The public prosecution service employs around 1 100 people, of whom 700 are prosecutors. There are 43 local offices which are led by chief district prosecutors. Thirty-five of these offices are general public prosecution offices, six are international public prosecution offices and two are national public prosecution offices, one dealing with anti-corruption and the other with suspicions of crime among police officers. The Prosecutor-General is the head of the public prosecution service and supervises the work of the public prosecution authorities.

At four locations in the country there are also public prosecution service development centres, tasked with promoting methodological development and legal changes in various crime areas.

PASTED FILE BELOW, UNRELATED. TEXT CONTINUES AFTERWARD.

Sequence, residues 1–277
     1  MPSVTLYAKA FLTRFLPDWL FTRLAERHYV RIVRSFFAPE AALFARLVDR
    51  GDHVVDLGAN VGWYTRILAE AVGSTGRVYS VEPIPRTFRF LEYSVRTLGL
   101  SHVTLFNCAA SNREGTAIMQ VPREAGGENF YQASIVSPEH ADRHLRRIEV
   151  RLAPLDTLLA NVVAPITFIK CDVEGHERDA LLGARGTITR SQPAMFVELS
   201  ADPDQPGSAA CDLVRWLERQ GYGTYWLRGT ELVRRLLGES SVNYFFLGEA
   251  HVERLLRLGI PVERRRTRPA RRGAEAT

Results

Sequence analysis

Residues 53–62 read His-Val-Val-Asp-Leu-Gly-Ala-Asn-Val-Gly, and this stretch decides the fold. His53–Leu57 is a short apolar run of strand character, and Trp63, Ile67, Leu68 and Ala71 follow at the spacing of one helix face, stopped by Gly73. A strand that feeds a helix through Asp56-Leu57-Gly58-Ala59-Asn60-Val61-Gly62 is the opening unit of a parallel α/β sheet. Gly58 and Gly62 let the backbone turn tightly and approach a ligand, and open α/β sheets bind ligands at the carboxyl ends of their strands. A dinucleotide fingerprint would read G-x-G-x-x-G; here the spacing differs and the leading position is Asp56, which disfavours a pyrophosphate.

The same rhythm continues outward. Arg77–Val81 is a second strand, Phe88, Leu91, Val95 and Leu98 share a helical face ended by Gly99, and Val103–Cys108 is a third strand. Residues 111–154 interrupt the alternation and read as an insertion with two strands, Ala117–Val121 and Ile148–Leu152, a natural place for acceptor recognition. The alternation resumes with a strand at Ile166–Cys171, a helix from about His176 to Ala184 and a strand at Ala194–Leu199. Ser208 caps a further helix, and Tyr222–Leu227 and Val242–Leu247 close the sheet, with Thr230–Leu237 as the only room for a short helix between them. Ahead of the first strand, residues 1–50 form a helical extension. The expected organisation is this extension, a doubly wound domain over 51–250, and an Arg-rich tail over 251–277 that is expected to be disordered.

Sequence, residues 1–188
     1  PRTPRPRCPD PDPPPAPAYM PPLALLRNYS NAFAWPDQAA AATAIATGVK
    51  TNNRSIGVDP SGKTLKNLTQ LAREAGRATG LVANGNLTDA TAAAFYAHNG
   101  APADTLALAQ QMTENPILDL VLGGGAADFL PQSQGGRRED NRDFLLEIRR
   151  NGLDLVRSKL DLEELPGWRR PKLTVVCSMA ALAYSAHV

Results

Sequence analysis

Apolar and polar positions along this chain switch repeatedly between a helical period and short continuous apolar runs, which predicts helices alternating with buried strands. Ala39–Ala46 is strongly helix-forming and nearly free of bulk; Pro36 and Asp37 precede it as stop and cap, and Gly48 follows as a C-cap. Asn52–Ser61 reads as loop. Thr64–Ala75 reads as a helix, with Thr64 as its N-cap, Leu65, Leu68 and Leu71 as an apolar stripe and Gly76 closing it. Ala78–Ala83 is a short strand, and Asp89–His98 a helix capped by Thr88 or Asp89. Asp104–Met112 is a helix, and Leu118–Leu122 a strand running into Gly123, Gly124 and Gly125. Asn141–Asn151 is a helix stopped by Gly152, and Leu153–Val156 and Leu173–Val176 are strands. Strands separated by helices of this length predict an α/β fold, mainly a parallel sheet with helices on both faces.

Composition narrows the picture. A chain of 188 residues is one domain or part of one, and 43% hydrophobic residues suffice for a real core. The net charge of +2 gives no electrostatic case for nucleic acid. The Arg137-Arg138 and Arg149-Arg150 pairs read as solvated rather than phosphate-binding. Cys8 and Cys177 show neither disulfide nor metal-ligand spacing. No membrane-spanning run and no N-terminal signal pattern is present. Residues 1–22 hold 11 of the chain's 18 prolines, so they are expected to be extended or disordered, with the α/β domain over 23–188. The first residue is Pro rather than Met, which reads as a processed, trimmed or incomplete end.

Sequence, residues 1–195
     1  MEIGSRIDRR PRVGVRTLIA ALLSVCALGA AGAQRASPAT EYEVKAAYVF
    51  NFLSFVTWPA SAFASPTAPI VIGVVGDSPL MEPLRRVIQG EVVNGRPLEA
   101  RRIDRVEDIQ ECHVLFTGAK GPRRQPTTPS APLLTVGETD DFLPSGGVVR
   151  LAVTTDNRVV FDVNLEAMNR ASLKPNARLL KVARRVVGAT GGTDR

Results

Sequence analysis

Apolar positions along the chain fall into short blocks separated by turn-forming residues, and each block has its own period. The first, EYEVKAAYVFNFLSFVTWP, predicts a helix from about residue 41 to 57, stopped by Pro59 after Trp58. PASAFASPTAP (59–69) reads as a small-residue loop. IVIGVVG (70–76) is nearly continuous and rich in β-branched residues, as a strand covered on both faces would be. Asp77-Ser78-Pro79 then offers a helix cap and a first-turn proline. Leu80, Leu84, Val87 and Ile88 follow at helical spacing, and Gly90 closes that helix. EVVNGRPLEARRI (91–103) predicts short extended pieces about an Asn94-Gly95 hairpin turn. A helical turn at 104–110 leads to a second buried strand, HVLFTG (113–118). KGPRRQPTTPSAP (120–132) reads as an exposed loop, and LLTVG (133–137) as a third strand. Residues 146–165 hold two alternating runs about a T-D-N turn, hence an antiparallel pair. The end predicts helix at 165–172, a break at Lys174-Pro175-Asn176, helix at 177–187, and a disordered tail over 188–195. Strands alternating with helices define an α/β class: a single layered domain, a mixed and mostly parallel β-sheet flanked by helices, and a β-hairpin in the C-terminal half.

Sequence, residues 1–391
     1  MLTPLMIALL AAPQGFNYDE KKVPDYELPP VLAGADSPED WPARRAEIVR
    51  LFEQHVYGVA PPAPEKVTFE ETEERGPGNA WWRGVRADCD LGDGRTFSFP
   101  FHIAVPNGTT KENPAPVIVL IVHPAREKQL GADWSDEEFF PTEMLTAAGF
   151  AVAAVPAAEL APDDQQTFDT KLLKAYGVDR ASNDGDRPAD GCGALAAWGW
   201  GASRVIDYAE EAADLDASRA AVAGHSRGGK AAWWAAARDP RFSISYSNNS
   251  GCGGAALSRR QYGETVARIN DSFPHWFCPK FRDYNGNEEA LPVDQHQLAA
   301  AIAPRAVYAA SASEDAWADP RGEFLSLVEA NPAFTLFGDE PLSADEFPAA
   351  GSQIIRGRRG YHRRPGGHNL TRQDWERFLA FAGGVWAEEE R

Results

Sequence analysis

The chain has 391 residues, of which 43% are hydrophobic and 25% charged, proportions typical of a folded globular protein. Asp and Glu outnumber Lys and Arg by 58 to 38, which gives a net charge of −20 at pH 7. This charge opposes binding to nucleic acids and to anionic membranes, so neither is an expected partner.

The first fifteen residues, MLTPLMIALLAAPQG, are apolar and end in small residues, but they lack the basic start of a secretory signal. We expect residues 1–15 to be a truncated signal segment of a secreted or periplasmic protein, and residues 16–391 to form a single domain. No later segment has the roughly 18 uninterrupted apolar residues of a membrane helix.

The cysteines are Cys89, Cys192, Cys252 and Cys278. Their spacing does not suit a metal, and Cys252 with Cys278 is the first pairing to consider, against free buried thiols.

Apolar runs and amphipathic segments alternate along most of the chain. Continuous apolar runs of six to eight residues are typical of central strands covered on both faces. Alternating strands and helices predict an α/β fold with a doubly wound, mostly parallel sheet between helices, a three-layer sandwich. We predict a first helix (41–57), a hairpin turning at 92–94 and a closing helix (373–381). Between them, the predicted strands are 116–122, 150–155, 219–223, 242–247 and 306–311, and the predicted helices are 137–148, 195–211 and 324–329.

A special prosecution agency – the Swedish National Economic Crimes Bureau – deals with cases of economic crime.

3. Penitentiary system
The Prison and Probation Service is responsible for the conveyance of prisoners and, in certain cases, also of other people deprived of liberty (e.g. deportees).  Its activities are conducted in remand prisons, non-institutional treatment agencies and prisons. People suspected of offences and who have been detained by a court while waiting for trial are held at remand prisons. There are 30 remand prisons in Sweden. There are 56 correctional institutions in Sweden. Activities at institutions are to be designed so that they promote inmates’ adjustment to society and prevent their deprivation of liberty having harmful effects. Non-institutional treatment is provided at 39 non-institutional treatment agencies. The task of non-institutional treatment agencies is to monitor clients sentenced to sanctions other than prison, and also to monitor offenders who have been released on parole.